WASHINGTON — U.S. wholesale prices jumped 0.4% in September as food costs rose by the largest amount since May.
The Labor Department said Wednesday that the September increase in its producer price index, which measures inflation before it reached the consumer, followed a 0.3% rise in August and a 0.6% surge in July which had been the biggest monthly gain since late 2018.
The 0.4% September rise was bigger than economists had been expecting and reflected a 1.2% increase in food costs, the sharpest rise since a 5.6% spike in May, as coronavirus-related shutdowns at food processing plants triggered shortages.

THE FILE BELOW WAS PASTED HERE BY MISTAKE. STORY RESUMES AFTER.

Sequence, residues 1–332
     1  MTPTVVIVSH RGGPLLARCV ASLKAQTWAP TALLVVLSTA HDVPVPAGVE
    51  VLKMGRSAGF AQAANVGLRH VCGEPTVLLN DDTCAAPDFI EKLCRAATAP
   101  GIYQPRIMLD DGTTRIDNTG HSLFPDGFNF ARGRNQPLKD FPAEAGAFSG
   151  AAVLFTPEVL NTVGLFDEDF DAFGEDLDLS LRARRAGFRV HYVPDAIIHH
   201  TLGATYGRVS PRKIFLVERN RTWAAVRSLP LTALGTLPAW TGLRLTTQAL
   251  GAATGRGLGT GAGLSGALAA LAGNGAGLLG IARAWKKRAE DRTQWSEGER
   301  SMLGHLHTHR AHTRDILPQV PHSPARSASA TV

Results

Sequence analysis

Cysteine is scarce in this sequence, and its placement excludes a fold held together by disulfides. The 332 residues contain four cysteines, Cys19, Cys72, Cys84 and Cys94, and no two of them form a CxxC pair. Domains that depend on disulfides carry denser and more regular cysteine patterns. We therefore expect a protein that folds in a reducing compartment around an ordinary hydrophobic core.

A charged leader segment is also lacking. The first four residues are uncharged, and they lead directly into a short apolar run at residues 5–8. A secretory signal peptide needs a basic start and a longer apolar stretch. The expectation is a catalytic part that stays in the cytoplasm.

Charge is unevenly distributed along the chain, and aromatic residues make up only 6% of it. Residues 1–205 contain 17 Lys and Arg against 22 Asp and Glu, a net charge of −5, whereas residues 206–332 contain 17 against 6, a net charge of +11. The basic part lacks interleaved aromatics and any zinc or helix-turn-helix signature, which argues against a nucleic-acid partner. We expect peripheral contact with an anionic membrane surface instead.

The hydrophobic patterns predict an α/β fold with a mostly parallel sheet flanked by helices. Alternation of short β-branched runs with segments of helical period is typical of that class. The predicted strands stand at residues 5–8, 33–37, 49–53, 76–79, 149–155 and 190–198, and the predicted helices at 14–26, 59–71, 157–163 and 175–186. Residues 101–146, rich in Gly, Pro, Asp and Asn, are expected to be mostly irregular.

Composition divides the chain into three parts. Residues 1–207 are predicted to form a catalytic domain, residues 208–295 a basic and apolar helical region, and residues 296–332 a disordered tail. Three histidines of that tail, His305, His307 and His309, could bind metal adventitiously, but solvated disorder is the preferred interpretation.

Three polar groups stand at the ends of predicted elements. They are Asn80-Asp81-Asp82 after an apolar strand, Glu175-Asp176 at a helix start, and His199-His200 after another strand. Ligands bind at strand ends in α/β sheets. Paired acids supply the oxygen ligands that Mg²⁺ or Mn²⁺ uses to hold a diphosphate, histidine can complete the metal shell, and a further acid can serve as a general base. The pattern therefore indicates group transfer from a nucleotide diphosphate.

For September energy prices fell for a second month, dropping 0.3% after a 0.1% dip in August.
The government had reported Tuesday that inflation at the retail level was up 0.2% in September, just half the August gain, even though the price of used cars jumped by the largest amount in more than a half-century.
Martin Crutsinger, The Associated Press